Newsletter Subscribe
Australian Catholics Subscribe

Wonder Woman 1984

Peter W Sheehan  |  28 December 2020

Wonder Woman 1984. Starring: Gal Gadot, Chris Pine, Kristen Wiig, and Pedro Pascal. Also, Robin Wright and Connie Nielsen. Directed by Patty Jenkins. Rated M (Action violence). 151 min.

This American film, with a title that ambiguously includes the choice of '84', is based on the DC comics character, Wonder Woman. The movie is set in 1984 in the USA, during the Cold War, and is a sequel to the successful 2017 film, Wonder Woman, which was directed by the same director (Patty Jenkins), and starred the same heroine, Gal Gadot. The choice of 84 in the title hints at the futuristic significance of George Orwell’s classic work, 1984.

Classical allusions are relevant to the movie. Wonder Woman is the daughter of Hippolyta, the Amazonian queen of Themyscira, and Zeus, king of the Olympian Gods. The 2017 film, and early scenes to this one, prepare us for a child who enters the human world as Diana Prince. In this film, as with the 2017 movie, Diana has come of age. She is a mature woman and demonstrates fully grown strength, and superhuman powers.  

This film injects Diana’s love interest, Steve Trevor (Chris Pine), into the film’s plot-line. Diana had assumed that Steve Trevor had been killed during the events of the first film. After a little bit of ancient history in the film’s initial scenes, the camera shows us Diana Prince as a committed professional working in the anthropology and archeology department of the Smithsonian Museum of Natural History in Washington, DC. She emerges as Wonder Woman only in minor rescue attempts of persons in distress, and tries to stay out of the limelight, not wanting to change roles, knowing this will attract the scrutiny of those around her. She feels settled, but lonely, especially in the absence of Steve Trevor.

A major villain of the movie is Cheetah (Kristen Wiig). As Barbara Minerva, she first becomes Diana’s friend, and later demonstrates evil behaviour. She becomes a villain, together with Maxwell Lord (Pedro Pascal) – a self-obsessed business entrepreneur, who fraudulently sells The American Dream for his own profit. Cheetah is envious of Wonder Woman’s special powers and, while conscious of her own burgeoning strength, she succumbs to Max’s words and regards his vision as true for her – so preparing the ground work for the major economic and social target of the film, which is “capitalism, represented by high consumer-consumption, and people wishing for (and receiving), “more”.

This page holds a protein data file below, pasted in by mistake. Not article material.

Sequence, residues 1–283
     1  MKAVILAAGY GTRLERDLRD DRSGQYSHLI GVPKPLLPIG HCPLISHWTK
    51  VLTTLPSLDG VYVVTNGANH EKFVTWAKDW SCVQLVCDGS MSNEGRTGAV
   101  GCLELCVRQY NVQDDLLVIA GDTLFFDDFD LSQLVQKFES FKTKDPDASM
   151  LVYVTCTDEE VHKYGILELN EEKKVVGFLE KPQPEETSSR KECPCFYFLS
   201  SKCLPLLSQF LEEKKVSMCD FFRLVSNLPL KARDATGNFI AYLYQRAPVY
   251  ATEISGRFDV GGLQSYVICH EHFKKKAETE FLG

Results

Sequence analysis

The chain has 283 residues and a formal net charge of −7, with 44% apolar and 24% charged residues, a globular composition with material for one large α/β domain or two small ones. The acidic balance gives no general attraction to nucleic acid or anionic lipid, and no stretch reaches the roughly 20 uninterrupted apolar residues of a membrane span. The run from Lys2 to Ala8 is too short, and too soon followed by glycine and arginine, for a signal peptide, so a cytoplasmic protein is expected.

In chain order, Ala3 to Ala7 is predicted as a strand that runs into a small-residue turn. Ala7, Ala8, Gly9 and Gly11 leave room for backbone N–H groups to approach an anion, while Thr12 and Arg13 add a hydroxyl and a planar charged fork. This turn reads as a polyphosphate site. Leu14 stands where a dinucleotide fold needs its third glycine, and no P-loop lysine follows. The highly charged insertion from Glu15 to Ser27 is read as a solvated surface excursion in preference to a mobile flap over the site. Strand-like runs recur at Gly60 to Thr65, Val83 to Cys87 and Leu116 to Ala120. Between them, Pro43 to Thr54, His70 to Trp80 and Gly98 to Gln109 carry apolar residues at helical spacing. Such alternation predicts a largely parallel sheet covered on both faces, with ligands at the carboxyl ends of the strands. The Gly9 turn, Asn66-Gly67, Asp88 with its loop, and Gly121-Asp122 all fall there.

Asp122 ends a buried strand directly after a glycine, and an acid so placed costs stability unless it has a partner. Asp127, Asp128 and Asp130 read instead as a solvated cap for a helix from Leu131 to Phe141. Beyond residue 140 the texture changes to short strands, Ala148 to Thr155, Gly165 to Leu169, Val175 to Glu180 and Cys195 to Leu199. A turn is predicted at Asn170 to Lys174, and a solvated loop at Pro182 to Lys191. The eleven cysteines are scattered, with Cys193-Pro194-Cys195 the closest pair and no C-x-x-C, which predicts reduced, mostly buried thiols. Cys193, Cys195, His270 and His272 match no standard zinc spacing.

When Barbara grows in strength and transforms into Cheetah, a final battle occurs. With two villains, however, the film runs the risk of drawing attention away from the victory of superhuman virtue (in Wonder Woman) over villainous adversity (in Cheetah, and Max). This creates a clash between powerful envy (in Cheetah), and avaricious, human greed (in Max). In doing that, the film becomes less a sequel to the original 2017 film than a story that prepares viewers for Wonder Woman of the future. This movie is basically an adventure story that allows Wonder Woman to develop her romantic attachment to Steve Trevor, who has been missing from her life, and the supremacy of virtue over evil gets sidetracked in the complexity of the film’s other plot lines.

It is hard to sustain two villains, when most Superhero, or Superheroine, films have just one, and this movie largely sustains its pace through outstanding special effects, which it delivers well. Fast-moving foot-and body-work, editing and choreography in this film are state of the art, and the film projects its action in fast pace, and in attention-getting style.  

The next instalment of WW is planned to put Wonder Woman more explicitly into current time by integrating the COVID-19 pandemic into the film’s plot-line.

WW84 is a competently directed action piece with satirical overtones – which nicely reminds viewers of Trumpian excesses – and continues Gal Gadot in an established role, which she plays impressively and glamorously.

The film, however, awaits fulfilment of its Orwellian promise to anticipate the future, which is symbolised by the inclusion of “84” in its title, and the film’s opening Washington line. The future looks promising, but needs another instalment of the Wonder Woman franchise for that to occur. 

Peter W Sheehan is an Associate of Jesuit Media
Roadshow Films Pty Ltd
Released 26 December 2020

 

Request permissions to reuse this article

Interested in more? Sign up to our weekly Catholic Teacher and Parish Life e-newsletters for the faith formation resources you need.

Catholic Teacher sign-up

Parish Life sign-up

This website uses cookies to give you the best, most relevant experience.

Using this website means you are okay with this.

You can change your cookies settings at any time and find out more about them by following this link